Just the title of this interpretation makes it seem like a bit of NCAA minutiae that might not come up all that often: “Summer Terms for Institutions without Traditional Terms of Enrollment to Satisfy 2–4 Transferable Degree Credit Requirements”. But the content of the interp will become more and important as time goes on:
The academic and membership affairs staff confirmed that the assessment of whether nontraditional course credit from an institution without traditional academic terms is considered credit from an academic-year course, or a summer course is based on the academic calendar of the two-year institution most recently attended by the student-athlete. Therefore, if a student-athlete begins a nontraditional course after the two-year college’s spring commencement exercises, the course shall be considered summer credit, regardless of how it is classified by the offering institution. In addition, if a student-athlete begins a nontraditional course before the two-year college’s spring commencement exercises but completes the course after the commencement exercises, the course shall be considered summer credit.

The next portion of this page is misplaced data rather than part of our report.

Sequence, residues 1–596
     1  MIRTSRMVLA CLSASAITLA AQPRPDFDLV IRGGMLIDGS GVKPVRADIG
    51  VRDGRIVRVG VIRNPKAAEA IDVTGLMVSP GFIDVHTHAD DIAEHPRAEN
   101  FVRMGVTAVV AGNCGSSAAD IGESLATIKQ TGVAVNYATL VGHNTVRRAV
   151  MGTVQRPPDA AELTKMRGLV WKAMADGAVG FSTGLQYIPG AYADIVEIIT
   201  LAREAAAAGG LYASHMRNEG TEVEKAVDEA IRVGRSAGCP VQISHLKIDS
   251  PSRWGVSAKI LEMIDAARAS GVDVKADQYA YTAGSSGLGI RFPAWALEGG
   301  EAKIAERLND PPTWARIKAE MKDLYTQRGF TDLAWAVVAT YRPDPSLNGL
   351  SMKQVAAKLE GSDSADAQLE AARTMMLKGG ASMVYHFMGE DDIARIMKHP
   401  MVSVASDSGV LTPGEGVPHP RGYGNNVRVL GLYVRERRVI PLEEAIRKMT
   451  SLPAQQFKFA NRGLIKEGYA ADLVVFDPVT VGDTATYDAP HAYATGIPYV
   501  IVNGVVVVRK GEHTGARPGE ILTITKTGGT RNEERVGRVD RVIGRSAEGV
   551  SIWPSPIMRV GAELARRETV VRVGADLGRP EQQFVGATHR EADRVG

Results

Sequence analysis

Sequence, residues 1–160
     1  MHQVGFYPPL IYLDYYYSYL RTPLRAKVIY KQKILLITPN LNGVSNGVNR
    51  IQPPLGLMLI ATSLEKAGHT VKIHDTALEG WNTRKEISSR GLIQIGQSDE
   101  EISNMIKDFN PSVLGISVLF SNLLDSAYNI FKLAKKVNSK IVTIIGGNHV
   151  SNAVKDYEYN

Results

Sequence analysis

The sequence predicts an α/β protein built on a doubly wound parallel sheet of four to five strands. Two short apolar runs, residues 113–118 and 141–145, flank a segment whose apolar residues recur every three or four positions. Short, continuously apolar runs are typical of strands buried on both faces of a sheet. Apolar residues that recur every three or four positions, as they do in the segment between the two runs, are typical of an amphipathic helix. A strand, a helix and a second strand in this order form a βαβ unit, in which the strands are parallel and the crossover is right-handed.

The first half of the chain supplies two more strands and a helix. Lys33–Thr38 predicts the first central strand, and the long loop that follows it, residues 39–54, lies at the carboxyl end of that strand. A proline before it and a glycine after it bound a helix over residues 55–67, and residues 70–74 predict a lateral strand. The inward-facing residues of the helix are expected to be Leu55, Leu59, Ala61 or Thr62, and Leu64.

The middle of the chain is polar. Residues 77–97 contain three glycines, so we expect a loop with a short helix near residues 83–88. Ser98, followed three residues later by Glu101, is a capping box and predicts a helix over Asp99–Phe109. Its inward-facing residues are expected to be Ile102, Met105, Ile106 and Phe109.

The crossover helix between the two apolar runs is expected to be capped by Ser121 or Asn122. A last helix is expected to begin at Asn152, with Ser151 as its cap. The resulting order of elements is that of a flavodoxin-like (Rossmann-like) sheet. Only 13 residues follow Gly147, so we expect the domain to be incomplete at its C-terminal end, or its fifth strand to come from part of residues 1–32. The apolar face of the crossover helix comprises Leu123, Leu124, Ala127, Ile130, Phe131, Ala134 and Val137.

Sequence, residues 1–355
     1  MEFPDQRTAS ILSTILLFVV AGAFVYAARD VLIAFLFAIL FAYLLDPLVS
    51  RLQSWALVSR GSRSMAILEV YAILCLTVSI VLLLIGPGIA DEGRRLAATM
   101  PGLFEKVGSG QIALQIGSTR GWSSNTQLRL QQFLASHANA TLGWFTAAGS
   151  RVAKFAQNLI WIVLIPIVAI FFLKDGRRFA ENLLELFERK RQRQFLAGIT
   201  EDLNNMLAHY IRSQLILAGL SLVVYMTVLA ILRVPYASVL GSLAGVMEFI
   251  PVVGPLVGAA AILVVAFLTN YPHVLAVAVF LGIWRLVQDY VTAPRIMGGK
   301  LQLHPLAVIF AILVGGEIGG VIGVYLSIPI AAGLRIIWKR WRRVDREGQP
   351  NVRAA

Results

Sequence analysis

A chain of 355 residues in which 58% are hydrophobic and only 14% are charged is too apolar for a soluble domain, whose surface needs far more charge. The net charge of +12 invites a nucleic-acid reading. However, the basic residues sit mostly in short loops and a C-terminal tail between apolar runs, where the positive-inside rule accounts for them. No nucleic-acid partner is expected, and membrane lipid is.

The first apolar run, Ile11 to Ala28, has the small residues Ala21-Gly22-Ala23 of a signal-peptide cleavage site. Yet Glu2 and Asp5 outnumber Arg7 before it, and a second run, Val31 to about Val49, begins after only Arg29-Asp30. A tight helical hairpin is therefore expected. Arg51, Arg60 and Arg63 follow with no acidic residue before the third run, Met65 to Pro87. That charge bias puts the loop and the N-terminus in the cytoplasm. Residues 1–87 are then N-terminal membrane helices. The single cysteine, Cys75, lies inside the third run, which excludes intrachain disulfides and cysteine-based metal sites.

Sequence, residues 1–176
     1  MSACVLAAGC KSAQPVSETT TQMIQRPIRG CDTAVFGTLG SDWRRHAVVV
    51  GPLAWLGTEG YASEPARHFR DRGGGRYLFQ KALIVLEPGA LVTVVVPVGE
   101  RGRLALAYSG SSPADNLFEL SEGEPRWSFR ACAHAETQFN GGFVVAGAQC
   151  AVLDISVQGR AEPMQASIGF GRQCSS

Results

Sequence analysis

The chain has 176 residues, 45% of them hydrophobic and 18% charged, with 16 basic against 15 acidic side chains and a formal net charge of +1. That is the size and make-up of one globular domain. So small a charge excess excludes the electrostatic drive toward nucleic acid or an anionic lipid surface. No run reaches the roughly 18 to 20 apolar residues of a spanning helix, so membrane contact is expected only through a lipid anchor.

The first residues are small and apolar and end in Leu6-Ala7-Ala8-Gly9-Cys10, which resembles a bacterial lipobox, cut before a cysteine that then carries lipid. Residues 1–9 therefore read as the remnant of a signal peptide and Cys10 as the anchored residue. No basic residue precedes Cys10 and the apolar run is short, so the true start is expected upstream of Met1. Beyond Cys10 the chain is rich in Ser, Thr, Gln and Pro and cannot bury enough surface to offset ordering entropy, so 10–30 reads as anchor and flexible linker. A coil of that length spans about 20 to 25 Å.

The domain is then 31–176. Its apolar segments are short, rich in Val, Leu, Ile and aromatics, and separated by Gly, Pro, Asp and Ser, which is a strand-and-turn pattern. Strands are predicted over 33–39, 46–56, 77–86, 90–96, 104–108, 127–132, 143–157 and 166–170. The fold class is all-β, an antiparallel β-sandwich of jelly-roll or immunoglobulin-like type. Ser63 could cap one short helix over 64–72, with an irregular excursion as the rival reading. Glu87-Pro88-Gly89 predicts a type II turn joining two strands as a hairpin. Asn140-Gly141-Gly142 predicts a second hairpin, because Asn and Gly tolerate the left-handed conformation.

Nonqualifiers who enroll at a two-year college then want to transfer to a Division I school must have 48 transferrable hours. Only 18 of those hours can come during summer terms and only nine of those hours may be earned the summer immediately before transferring.
This interp limits the use of nontraditional (read: online) courses. If the course is taken through an institution without regular terms, like say a fully-online college without set semesters, the class must be started and completed before the spring graduation of that institution, or it will count as a summer course.
What this means is that another way for athletes who are behind to catch up on their 2–4 transfer requirements has been cut off. If athletes are not careful, the extra online course they took to get eligible that started in March may end up counting as a summer course. And if the athlete already needed to max out their summer courses, that would result in them not being eligible as a 2–4 transfer. Much like the NCAA has limited some of the quick fixes in initial eligibility, it seems to be taking the same approach to junior college transfers.